Home ┬╗ DEMENDE COVID-19 Workshop: Report and Recommendations

DEMENDE COVID-19 Workshop: Report and Recommendations

May 2022

Pharmaceutical medicine specialists have a long history of working in developing medicines and vaccines for infectious diseases. During the last two years many of them have devoted intensive activity on researching, evaluating and delivering interventions to attenuate the impact of the COVID-19 pandemic.

To date, infection with COVID-19 has been the cause of over 6m deaths worldwide, over 190,000 deaths in the UK and over 1m in the USA [1]. It has been observed that the death rate following infection varies considerably based on vaccination status, patient factors such as age and ethnicity, standard of care available and the variant with which the patient is infected. Later variants of the SARS-CoV-2 have tended to be more infectious and less severe, but hospitalisation rates and rates of downstream morbidity conditions and death, particularly in vulnerable populations, remain significant. In the latest data from UK Office for National Statistics there were just under 6,000 hospital admissions and almost 1,000 deaths during the seven days up to 10 and 16 May [2]. Thus, some groups in the population remain highly vulnerable and a significant number of households are still shielding.

Whilst vaccination against COVID-19 is effective, it may not induce an antibody in a small number of patients, making them susceptible to infection. In addition, vaccination may not be effective over time, as illustrated by the fact that over 18m of the UK population has been recorded as testing positive since vaccination began, many of whom were vaccinated. Therefore, treatments for COVID-19 also remain important.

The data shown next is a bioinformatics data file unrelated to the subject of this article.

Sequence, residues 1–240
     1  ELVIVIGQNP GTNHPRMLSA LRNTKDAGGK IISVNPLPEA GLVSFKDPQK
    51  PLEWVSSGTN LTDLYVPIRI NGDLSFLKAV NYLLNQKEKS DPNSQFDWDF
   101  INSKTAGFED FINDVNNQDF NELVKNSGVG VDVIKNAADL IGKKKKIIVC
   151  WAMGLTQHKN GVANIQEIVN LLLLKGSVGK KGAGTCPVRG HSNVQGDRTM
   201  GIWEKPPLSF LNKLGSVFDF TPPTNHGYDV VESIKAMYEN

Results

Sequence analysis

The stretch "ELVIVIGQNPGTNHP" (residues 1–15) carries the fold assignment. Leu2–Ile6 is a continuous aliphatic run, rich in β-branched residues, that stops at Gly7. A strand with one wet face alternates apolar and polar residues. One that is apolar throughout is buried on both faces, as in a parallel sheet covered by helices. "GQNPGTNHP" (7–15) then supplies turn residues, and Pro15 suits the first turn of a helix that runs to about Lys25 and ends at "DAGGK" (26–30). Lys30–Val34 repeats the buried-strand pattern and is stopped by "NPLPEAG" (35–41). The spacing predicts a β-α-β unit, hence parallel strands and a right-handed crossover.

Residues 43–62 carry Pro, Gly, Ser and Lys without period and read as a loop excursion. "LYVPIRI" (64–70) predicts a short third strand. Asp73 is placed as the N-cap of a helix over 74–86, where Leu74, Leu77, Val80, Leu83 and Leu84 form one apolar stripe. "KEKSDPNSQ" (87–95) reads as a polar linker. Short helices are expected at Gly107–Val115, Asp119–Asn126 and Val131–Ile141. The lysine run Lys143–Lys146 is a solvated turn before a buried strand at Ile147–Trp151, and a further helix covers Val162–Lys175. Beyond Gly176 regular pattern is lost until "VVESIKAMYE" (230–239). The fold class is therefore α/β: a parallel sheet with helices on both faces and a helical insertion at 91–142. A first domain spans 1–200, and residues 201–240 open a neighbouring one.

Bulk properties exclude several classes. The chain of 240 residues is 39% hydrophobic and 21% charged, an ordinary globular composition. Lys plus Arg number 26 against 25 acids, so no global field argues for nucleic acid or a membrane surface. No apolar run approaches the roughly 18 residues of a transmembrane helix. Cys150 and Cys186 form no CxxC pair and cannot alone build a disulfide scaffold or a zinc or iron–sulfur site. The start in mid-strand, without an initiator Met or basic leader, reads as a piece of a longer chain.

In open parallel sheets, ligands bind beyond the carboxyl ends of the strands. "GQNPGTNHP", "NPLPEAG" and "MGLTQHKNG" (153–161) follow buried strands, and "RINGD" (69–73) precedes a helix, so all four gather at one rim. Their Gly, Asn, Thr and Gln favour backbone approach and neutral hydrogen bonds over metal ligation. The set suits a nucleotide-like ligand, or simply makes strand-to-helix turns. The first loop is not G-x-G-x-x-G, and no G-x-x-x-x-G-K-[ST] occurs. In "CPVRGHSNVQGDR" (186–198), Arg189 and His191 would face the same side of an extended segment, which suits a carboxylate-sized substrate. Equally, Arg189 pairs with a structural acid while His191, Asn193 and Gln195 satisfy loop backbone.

FPM DEMENDE COVID-19 Workshop

  • Report and Recommendations
  • May 2022

In general, clinical trials of severe infection (viral, bacterial or fungal) are very challenging. Most infectious diseases are acute and relatively short-lived and most patients will recover or die within 2-3 weeks. Patients often die of comorbidities, and it is often impossible to determine if they are a direct consequence of the infection or not. COVID-19 is no different and trials in severe COVID have required very large studies, using the challenging endpoint of all-cause mortality in hospitalised patients, which is often confounded by multiple comorbidities. Hospitalisation is also used as an endpoint, but is only useful in patients likely to be hospitalised, as the incidence of hospitalisation overall is too low to study comparatively. Platform trials have allowed recruitment of very large numbers of patients but take time and sometimes generate conflicting data.

In a pandemic patients need access to treatment fast and the challenges of generating robust evidence of efficacy and safety have posed very difficult questions for public health, drug developers, contract research organisations and academics, regulators, health care providers and patients. It was in this light that the Faculty of Pharmaceutical Medicine DEfining MEdical NeeDs and Evidence (DEMENDE) workshops brought representatives of all these groups together to make recommendations for further activities to ensure that future respiratory viral infection waves are managed in the most effective and fair way.

Download and read the full report

References

  1. https://coronavirus.jhu.edu/map.html accessed 19 May 2022
  2. https://coronavirus.data.gov.uk/ accessed 19 May 2022